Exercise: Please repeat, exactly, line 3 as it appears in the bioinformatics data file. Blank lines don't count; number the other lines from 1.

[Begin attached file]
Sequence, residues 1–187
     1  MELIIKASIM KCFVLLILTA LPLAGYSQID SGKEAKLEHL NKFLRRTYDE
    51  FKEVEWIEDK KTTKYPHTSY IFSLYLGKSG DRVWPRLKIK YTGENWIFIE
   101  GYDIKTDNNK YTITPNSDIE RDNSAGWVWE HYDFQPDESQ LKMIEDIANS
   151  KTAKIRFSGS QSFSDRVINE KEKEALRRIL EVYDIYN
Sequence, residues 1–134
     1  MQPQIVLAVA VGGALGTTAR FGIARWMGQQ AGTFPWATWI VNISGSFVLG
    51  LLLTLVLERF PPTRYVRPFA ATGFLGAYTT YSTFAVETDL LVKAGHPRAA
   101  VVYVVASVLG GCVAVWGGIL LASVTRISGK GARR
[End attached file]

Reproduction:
    51  FKEVEWIEDK KTTKYPHTSY IFSLYLGKSG DRVWPRLKIK YTGENWIFIE